Charlotte from Kenya – Part 2


After the initial two days of  sampling, I carried on with the rest of my sampling plan for the next ten days.  It mostly went without a hitch.  However, naturally, there were some problems encountered. At first, I ended up taking more samples than I needed. I admit, that’s probably the opposite of a problem. In science, it’s always better to over-sample than to underrepresent whatever species, population or ecosystem you’re trying to investigate. It did mean, however, that we were quickly running out of ethanol which I was using to preserve my samples.  Thankfully, I’d brought a back-up plan. Silica beads are an excellent alternative, and I used them to dry out/preserve the faecal samples I’d taken from giraffe. Most people are familiar with them as the little packets of silica that come with new clothes and shoes, clad with huge warnings saying “DO NOT EAT!”

I collected around 100 samples in total, which I personally think is pretty good going for only 12 days! A week into my trip came the arrival of Dr. Jens Carlsson, the principal investigator for Area 52 and my thesis supervisor. He helped me ensure that I was doing everything correctly, and liaised with John Byrne about the rest of my sampling. The project could not have gone forward without them.

An exciting part of my trip was the memorandum of understanding agreed between UCD and Pwani University, Kenya.  It meant that myself and Dani Shannon (doing her MSc in World Heritage Management and Conservation) were the first students sent over from UCD to Kenya under this memorandum, and it also meant that we had the pleasure of meeting three undergraduate students from Pwani, who came on the trip too. Paul, Robert, and Terry wanted to learn all about eDNA, so helped me with my sampling. They held tubes, passed me pens, had to put up with me stressing about my sampling, but hopefully learned at least one or two things! They were an absolute delight and taught me a lot about Kenyan culture, as well as becoming new friends. Hopefully the students will get over to UCD at some point. Their lecturer, Dr Bernerd Fulanda, was also on camp and was helpful on game drives. He has kindly agreed to help oversee the shipping of my samples back to Ireland.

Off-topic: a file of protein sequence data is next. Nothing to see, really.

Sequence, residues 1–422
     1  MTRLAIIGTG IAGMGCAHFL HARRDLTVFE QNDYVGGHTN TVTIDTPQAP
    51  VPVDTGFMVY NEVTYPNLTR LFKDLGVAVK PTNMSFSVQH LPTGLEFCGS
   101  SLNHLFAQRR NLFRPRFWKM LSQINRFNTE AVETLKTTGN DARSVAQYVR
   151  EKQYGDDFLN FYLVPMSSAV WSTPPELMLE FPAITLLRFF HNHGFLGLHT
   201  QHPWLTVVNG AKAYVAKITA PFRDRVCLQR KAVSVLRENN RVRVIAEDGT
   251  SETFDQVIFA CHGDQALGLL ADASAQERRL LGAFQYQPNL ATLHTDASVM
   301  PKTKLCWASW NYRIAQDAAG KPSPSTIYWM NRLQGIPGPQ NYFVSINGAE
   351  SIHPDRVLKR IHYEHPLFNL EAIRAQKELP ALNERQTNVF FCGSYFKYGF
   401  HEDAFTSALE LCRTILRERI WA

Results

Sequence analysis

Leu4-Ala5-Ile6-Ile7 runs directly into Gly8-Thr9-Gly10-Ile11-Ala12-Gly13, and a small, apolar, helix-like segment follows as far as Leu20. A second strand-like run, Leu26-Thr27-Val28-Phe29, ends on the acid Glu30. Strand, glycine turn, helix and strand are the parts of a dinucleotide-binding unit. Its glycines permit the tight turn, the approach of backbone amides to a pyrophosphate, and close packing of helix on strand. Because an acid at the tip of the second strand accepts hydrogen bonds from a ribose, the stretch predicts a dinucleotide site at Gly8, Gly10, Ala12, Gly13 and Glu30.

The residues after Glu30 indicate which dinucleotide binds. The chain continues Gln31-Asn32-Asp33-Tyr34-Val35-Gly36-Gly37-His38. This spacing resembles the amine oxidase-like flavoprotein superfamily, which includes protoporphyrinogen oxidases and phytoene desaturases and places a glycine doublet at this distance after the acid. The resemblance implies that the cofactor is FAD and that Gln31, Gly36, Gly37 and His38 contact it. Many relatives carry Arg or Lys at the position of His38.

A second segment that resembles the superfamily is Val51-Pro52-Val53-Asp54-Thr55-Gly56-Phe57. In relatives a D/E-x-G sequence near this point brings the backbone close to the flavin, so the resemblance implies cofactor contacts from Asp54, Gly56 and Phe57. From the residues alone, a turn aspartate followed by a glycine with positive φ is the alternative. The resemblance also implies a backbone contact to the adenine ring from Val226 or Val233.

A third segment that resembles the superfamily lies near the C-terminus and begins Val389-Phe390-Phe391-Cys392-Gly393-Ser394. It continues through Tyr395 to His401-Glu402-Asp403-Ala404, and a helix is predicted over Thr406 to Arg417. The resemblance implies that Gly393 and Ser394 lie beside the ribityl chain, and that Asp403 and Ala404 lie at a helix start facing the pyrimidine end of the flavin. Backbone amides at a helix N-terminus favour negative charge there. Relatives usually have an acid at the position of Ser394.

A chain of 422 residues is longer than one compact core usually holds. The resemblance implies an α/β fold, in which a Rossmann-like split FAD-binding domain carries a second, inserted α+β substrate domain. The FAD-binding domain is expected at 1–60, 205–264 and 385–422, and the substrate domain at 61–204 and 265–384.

An honourable mention also goes to my friends who were volunteering with Friends from Ireland (FFI – the charity which helped to organise my trip). A few of them were asked by me “could you just glove up and help me hold a couple of these tubes?” So cheers to Ann, Dani, and Conall, and also to Sian whose extensive knowledge of the conservancy helped me track down zebra and giraffe. I could probably write a huge list of those involved, but I’d be here all day! So many thanks to all involved, I know that my project couldn’t have gone forward without you. Shout out to Ann Marie for making sure I was alive/feeding me and acting basically as a surrogate parent the whole time I was in Kenya. The trip was overall very successful and I would love to go back as a volunteer for FFI sometime in the very near future.


So where do I go from here? I am back in rainy Ireland and currently waiting on my samples being shipped from Kenya. I’ve been doing one or two things in the lab -trying more new extraction methods – and will write up my literature review/methodology until the samples arrive. Once they’ve arrived, the eDNA is extracted, ran through a PCR and an agarose gel, sent off for sequencing, and the results are compiled.  The experience has been fantastic and I look forward to getting the results from my samples. We will soon know the extent of DNA degradation in zebra and giraffe poo after it has been left in situ. That’s all from poo patrol for now.



Charlotte from Kenya

I’ve been assigned a particularly special task for my MSc evolutionary biology thesis. Under the supervision of Dr Jens Carlsson, and John Byrne (conservancy director/wild explorer), my project will examine eDNA in Kenya.

Galana conservancy is a wildlife reserve situated on the boarder with Tsavo East national park, in Southern Kenya. It contains masses of African wildlife. For my thesis, I’ll be focusing on Plains Zebra (Equus quagga) and giraffe (Giraffa camelopardalis). I’ll be collecting their scat in order to extract DNA. DNA like this is classified as eDNA (environmental DNA). Environmental DNA has the ability to revolutionise genetics.
So, what is it? An animal sloughs off skin cells, saliva, faeces, mucus, blood etc which are left in the environment and which contain traces of DNA. This is eDNA. The DNA can then be extracted and analysed for use in population genetics, management, species barcoding, and species monitoring. Population genetics measures the genetic diversity, richness, and level of inbreeding in a population. It’s essential for the long-term management of an animal population. Environmental DNA using scat has had little study. Therefore, the aim for my study is to develop a technique using eDNA from giraffe and zebra scat. This data could hopefully be used at a later point for population genetics (there has been little pop gen on zebra and giraffe either).
So here in Galana, I am running a sampling programme for collecting giraffe/zebra scat over the next 10 days. I have already carried out 2 days of sampling, which went well (aside from tracking a herd of giraffe for a good 45 minutes without a hint of poo and then watching them disappear off into the distance).
The trip is quite amazing so far. As well as zebra and giraffe, I’ve seen Impala, oryx, baboon, hippos, a lionness, warthogs, water buffalo, secretary bird, gazelle, elephants, gerenuk, crocodiles, as well as the animals I’ve probably forgotten to mention here.
More updates on poo patrol later.